Master of Arts (MA)


Geography and Anthropology

Document Type



While the general biological processes of decomposition are known to forensic anthropologists, data on aquatic decomposition is in need of refinement. Water composition varies in mineral content, temperature, flow rate, and scavengers; each of these elements can have an effect on the rate of decomposition. This study specifically focuses on the effects of river flow rates on decomposition by comparing the rate of decay of three feral pigs (Sus scrofa) on land (control specimen), in faster flowing water, and in slower flowing water. The hypothesis states that the pig placed in the faster section of the river will decompose more quickly due to increased water flow which would cause the flesh to deteriorate more quickly. Three feral pigs weighing approximately 100 pounds each were deposited at their respective research sites on the Amite River at Galvez Landing in Prairieville, Louisiana. Each pig was protected from large scavengers by a thick wire cage equipped with a water temperature data logger. The river subjects were secured to the bank by an industrial chain kept afloat by boat bumpers. Daily visits to the site revealed that the control pig was skeletonized in two weeks and both water pigs were reduced to a few bones by the end of three weeks. Maggot activity and the presence of fish differed between the two water specimens, but the pigs decomposed at similar rates. Based on the conditions in this study, the hypothesis was rejected as the observed river flow rates did not seem to impact the decomposition rates of the pigs. Further studies with stronger velocity differences should be performed to determine the rate at which water flow does impact decomposition. This study indicates that each environment is distinct and caution must be taken when managing aquatic forensic cases.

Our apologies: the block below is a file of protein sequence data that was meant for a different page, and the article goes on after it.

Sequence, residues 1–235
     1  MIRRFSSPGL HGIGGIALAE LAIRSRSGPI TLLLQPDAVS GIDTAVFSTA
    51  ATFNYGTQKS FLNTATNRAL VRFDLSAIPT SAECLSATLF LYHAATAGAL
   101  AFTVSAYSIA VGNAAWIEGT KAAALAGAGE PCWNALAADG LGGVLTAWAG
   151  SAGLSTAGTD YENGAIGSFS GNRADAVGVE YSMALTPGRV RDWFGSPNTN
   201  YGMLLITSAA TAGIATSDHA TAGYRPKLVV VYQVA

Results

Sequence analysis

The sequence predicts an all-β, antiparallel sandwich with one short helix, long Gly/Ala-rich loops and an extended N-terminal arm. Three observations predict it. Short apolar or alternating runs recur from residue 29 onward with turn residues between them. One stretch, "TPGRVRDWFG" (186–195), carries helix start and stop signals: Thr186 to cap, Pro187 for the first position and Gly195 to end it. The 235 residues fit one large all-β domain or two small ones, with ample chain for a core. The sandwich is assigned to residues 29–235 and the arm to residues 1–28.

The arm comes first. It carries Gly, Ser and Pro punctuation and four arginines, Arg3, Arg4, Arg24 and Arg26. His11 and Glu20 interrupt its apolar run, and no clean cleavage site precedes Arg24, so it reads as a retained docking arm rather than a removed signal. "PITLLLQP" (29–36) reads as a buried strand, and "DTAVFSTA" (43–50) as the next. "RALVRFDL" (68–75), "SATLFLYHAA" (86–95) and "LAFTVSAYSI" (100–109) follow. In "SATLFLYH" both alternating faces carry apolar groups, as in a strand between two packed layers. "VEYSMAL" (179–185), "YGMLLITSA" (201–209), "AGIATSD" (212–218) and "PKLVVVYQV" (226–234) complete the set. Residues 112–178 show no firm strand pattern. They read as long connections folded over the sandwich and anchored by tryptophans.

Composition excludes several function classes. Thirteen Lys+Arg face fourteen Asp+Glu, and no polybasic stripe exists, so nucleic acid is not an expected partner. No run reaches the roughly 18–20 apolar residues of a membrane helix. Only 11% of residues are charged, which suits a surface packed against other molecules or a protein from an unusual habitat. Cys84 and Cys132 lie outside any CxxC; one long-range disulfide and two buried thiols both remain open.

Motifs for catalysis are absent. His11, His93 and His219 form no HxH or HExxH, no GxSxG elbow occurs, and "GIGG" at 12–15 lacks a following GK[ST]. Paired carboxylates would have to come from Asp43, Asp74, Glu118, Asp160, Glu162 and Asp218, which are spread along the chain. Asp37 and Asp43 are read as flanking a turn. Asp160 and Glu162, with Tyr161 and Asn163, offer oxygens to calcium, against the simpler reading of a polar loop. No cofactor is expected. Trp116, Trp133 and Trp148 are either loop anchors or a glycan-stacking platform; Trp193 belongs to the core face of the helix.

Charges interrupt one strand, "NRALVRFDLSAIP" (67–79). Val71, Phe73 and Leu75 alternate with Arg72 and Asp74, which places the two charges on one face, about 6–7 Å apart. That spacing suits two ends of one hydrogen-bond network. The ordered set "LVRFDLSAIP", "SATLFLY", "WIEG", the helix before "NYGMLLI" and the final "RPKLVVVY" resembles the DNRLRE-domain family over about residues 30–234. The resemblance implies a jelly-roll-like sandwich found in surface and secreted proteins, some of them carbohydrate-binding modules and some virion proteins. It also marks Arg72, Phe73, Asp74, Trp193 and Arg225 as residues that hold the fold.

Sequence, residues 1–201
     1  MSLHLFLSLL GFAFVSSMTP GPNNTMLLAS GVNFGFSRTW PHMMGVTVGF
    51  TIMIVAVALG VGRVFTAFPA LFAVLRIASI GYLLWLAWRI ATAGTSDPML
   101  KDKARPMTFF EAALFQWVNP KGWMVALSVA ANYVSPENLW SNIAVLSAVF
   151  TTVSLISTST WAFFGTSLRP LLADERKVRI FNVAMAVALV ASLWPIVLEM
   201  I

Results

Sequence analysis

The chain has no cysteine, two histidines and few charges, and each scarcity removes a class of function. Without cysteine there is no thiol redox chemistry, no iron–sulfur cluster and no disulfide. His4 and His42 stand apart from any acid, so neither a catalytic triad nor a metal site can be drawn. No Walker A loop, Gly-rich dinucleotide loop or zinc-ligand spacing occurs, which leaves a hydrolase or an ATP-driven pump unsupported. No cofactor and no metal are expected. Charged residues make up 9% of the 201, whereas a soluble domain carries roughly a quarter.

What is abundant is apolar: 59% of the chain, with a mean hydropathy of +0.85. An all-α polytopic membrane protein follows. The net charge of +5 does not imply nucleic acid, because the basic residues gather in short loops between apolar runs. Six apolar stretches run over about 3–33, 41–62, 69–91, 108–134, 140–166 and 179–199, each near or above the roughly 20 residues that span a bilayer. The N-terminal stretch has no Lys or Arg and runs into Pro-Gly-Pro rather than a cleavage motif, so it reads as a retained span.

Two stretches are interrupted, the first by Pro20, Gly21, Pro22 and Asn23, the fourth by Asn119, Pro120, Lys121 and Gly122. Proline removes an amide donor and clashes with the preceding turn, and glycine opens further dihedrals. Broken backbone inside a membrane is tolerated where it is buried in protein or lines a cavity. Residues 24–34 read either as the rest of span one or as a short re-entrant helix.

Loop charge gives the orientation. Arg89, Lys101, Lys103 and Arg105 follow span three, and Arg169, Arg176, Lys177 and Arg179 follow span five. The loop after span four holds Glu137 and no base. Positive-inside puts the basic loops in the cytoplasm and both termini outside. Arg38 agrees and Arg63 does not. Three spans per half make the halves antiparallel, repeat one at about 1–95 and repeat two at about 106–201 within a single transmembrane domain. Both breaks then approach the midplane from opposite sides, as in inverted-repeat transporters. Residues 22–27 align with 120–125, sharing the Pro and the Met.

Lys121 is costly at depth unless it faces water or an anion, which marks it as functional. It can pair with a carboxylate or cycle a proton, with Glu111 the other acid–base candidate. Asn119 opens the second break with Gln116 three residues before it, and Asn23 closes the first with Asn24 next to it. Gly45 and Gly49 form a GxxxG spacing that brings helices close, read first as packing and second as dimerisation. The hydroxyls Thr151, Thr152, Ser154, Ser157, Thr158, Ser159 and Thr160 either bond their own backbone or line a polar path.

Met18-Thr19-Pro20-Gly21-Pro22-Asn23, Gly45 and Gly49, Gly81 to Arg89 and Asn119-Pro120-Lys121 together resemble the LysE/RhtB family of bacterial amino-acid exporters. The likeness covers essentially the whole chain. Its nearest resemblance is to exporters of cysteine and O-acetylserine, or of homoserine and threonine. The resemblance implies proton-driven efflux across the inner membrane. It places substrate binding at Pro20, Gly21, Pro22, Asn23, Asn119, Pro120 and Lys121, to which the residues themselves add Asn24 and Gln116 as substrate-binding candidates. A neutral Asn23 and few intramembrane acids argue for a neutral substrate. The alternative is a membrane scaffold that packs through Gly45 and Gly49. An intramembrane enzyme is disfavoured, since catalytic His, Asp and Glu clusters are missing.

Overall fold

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Committee Chair

Brophy, Juliet